Graduate of First ABSN Cohort Named Rookie of the Year

Nursing Alum Spotlight: Jennifer Dickensheets ’20
A posed photo of Jennifer Dickensheets outside in her nursing scrubs

By: Erik Pedersen, Senior Communications Manager

BALTIMORE – Jennifer Dickensheets had always planned on a career in healthcare, with an initial goal of becoming a pediatric doctor. When a family member was admitted to the hospital years ago, however, the resulting experience shifted her focus to nursing.

Having already received a bachelor’s degree, Dickensheets was drawn to the Accelerated 2nd Degree Bachelor of Science in Nursing (ABSN) at Notre Dame of Maryland University. She would ultimately graduate as a member of the first ABSN cohort at Notre Dame in 2020.

After first working at MedStar Good Samaritan Hospital in Baltimore as a nurse extern, Dickensheets became a full-time registered nurse in the MedSurg Telemetry unit in October 2020. She has excelled in the role, earning Rookie of the Year honors from the hospital last May.

Learn about why Dickensheets became a nurse, how Notre Dame helped prepare for her for the profession, her message for current nursing students and more:

What originally inspired you to become a nurse, and what drew you to Notre Dame’s accelerated nursing program?

I always knew I wanted to be in healthcare and originally planned to be a pediatric doctor, but I had a family member end up in the hospital when I was applying to medical school and I saw how the hospitals really worked. The nurses are the ones doing the hands-on work and seeing the patients face-to-face all day and that's what I wanted to do, so I changed career paths.

I found the accelerated nursing program interesting because I already had a bachelor’s degree in the sciences and liked the idea of not doing two more full years. It also wasn't too far from where I was living in Gaithersburg.

What was it like starting your professional career during the COVID pandemic? How have you and your colleagues managed to support each other over these past two years?

It was definitely a shock and a massive learning curve, especially after not having a practicum semester in the normal sense. But thankfully I was an extern and had a 12-hour shift once a week throughout the pandemic, so I learned a lot on the same floor I work on now. My preceptor was amazing and helped me every step of the way.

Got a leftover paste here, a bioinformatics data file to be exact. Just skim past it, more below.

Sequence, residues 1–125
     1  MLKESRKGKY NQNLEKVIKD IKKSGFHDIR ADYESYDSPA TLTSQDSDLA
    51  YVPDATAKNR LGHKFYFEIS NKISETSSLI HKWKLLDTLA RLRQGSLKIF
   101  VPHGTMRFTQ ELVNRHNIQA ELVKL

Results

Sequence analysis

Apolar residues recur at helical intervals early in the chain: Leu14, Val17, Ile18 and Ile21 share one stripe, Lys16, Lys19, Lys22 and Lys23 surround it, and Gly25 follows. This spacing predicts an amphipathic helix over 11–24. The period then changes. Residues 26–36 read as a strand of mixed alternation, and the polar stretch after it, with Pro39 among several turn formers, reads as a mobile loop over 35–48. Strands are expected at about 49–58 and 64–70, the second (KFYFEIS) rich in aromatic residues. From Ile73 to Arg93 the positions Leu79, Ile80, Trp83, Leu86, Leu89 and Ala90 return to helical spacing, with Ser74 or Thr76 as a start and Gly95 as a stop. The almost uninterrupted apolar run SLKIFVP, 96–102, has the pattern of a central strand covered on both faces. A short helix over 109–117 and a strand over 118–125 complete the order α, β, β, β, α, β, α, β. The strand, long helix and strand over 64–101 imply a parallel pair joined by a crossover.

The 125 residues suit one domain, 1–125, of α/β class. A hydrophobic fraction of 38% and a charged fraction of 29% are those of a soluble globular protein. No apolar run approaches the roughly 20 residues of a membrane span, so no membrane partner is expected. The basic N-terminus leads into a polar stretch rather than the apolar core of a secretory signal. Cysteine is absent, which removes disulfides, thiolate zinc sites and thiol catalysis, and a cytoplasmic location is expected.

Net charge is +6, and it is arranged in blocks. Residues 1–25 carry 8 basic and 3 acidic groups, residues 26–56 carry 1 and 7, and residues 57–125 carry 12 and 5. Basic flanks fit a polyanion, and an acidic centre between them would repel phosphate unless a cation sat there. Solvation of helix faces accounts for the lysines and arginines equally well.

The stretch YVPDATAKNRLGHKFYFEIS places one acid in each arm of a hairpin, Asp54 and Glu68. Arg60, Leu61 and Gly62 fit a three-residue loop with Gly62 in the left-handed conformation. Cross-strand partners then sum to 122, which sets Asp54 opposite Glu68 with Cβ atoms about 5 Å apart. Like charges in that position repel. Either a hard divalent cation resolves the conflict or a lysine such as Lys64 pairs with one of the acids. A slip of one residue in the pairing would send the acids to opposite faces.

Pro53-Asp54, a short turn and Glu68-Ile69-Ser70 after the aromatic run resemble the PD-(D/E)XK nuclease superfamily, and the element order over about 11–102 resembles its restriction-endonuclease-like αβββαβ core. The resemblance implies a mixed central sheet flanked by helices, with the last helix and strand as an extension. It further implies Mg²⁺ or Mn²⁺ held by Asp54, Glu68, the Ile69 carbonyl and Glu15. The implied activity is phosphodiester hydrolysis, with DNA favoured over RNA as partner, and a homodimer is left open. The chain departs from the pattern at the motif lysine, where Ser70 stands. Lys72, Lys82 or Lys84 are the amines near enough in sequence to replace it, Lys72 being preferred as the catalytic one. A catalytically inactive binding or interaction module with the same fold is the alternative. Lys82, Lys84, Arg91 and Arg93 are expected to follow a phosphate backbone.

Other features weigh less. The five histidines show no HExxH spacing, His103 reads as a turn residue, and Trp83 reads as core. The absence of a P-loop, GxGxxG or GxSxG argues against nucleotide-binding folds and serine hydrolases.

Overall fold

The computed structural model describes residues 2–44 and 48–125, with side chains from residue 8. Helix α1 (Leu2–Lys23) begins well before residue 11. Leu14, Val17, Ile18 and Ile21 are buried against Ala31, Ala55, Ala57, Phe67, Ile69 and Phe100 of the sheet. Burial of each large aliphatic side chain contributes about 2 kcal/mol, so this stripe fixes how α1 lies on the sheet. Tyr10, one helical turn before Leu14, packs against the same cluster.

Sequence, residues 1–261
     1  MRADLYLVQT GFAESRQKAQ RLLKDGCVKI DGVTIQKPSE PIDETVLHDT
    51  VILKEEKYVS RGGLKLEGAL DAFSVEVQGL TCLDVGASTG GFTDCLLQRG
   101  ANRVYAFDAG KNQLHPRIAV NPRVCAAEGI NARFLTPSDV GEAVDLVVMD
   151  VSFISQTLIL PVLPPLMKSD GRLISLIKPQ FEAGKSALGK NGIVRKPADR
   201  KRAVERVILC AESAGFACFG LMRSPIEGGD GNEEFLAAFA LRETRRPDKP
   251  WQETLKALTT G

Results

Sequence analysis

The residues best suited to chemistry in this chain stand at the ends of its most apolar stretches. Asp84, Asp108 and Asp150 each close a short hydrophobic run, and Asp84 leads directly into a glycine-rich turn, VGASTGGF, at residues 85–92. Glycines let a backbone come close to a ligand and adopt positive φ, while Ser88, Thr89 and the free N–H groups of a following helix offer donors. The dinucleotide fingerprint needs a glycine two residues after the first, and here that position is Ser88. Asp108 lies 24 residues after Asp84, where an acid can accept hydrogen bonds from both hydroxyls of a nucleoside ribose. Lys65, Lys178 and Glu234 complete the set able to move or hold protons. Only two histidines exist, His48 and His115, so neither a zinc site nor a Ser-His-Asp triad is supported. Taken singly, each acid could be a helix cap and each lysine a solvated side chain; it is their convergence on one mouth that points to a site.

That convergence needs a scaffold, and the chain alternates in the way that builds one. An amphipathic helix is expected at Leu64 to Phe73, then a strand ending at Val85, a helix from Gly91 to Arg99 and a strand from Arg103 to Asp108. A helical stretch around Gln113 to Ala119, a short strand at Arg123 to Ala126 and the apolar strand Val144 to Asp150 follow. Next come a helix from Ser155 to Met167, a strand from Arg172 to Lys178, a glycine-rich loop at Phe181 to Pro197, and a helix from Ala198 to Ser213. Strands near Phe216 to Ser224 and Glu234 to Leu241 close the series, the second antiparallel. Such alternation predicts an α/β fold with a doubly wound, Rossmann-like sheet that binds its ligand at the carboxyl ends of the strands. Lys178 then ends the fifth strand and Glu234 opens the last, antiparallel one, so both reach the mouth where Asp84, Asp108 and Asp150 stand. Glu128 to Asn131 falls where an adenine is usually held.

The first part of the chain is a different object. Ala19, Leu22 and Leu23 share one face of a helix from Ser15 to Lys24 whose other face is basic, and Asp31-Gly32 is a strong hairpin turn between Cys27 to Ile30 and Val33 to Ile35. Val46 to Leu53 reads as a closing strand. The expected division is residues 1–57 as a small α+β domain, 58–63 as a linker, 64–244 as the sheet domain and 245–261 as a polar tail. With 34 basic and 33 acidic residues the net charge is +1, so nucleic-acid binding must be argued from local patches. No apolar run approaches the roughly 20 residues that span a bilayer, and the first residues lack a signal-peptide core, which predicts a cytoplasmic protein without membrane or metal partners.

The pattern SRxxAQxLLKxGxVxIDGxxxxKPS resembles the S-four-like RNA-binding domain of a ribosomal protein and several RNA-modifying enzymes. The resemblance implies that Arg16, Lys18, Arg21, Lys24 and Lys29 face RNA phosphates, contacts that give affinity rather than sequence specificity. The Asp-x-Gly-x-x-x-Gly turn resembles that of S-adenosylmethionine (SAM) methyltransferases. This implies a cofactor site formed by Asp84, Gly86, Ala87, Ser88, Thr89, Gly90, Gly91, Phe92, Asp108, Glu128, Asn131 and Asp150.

Once I became a nurse, the shortage intensified and I had to handle six or seven patients at once. But I felt like by that point I had the time management down, so it was something we were all just used to. PPE guidelines changed every week and we had to be very adaptable to change. Without my coworkers and friends from Notre Dame, I don't know how I would have managed.

How did it feel to be recognized by Good Samaritan as a Rookie of the Year?

It was quite a surprise and made me feel like I was really appreciated as a part of the team. I could do without my blushing face being all over the hospital though! Now everyone sees me and says, "Hey, I know you," but it definitely keeps me on my feet because I feel like I have to live up to it and I'm grateful for that. 

How did Notre Dame help prepare you to succeed in your profession?

Notre Dame gave me a ton of clinical knowledge and managed to somehow do so in a way that I remember it very well. But the two biggest things I appreciate from my time at Notre Dame are the people/colleagues I met while there and the focus on compassion.

Compassionate nursing is in my opinion what differentiates a good nurse from a great nurse, and I have had many providers point that out about why they like when I have their patients – it provides a safe space for dialogue and a deeper level of care that makes a difference to the patients and their families. Notre Dame spent a large amount of time on compassion throughout my courses, and I appreciate that to this day.

Do you still stay in touch with anyone from the University?

We were a pretty tight-knit class as a whole, and I will say it has given me some of my best friends. My roommate is a classmate from nursing school, she even came cross country to a wedding with me in San Diego. I talk to 7-8 of my classmates on a daily basis and see them monthly even though we are at different hospitals. One of my friends from school is at Duke and I've been out to visit her multiple times. I’m even going on a trip with her and her family next month. 

Is there any message you’d like to pass along to current nursing students at NDMU?

Study hard and appreciate your teachers and classmates. It's not about competition – it’s about relationships because these will be your colleagues in a few months and you'll be so thankful to know them. They’ll send you job opportunities that they think you’re a good fit for. Most importantly, nursing is not an easy profession, and they are going to be the ones who understand you when need to vent, especially in that first year out of school.

Established in 1895, Notre Dame of Maryland University (NDMU) is a private, Catholic institution in Baltimore, Maryland, with the mission to educate leaders to transform the world. Notre Dame has been named one of the best "Regional Universities North" by U.S. News & World Report.

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